Volkswagen facing ‘tsunami’ of legal trouble in emissions scandal

27 Sep 2015 | Author: | No comments yet »

Reports: VW warned about illegal emissions tricks many years ago.

Those are among questions that state and federal investigators want answered as they plunge into the emissions scandal at Volkswagen that has cost the chief executive his job, caused stock prices to plummet and could result in billions of dollars in fines. BERLIN • Volkswagen’s own staff and one of its suppliers warned years ago about software designed to thwart emissions tests, two German newspapers reported on Sunday, as the automaker tries to uncover how long its executives knew about the cheating.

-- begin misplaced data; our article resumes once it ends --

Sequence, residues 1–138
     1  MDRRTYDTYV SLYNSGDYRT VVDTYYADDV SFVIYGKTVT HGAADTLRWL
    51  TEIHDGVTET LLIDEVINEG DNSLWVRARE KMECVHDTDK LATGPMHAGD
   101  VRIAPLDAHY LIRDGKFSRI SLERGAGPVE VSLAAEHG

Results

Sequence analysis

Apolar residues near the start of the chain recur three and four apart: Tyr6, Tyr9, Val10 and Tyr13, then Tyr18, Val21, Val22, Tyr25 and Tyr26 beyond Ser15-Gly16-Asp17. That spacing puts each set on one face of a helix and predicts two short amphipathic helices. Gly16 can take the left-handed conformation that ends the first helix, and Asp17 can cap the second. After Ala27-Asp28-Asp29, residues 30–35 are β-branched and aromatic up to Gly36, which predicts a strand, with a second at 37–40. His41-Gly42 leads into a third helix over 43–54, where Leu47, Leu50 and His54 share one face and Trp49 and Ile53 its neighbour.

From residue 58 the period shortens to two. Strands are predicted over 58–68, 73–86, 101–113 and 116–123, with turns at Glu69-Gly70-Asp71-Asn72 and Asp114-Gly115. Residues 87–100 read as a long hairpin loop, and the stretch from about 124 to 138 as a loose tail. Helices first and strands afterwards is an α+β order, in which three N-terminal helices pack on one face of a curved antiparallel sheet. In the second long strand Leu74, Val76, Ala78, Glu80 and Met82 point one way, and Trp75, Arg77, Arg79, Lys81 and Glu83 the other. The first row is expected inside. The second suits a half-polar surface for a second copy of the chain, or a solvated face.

Berlin: Volkswagen ignored warnings from staff and a supplier years ago that the emission test rigging software that sparked the company’s worst ever corporate scandal was illegal, news reports said Sunday. Legal experts say the German automaker is likely to face significant legal problems, including potential criminal charges, arising from its admission that 11 million of its diesel vehicles sold worldwide contained software specifically designed to help cheat emissions tests. The world’s biggest automaker is adding up the cost to its business and reputation of the biggest scandal in its 78-year history, having acknowledged installing software in diesel engines designed to hide their emissions of toxic gasses. German authorities meanwhile heaped pressure on the embattled corporate titan, demanding it set out a timeline by October 7 on how it will ensure its diesel cars meet national emission standards without using the cheat technology. The Environmental Protection Agency has accused VW of installing sophisticated stealth software that enabled “clean diesel” versions of its Passat, Jetta, Golf and Beetle models to detect when they were being tested and emit less-polluting exhaust than in real-world driving conditions.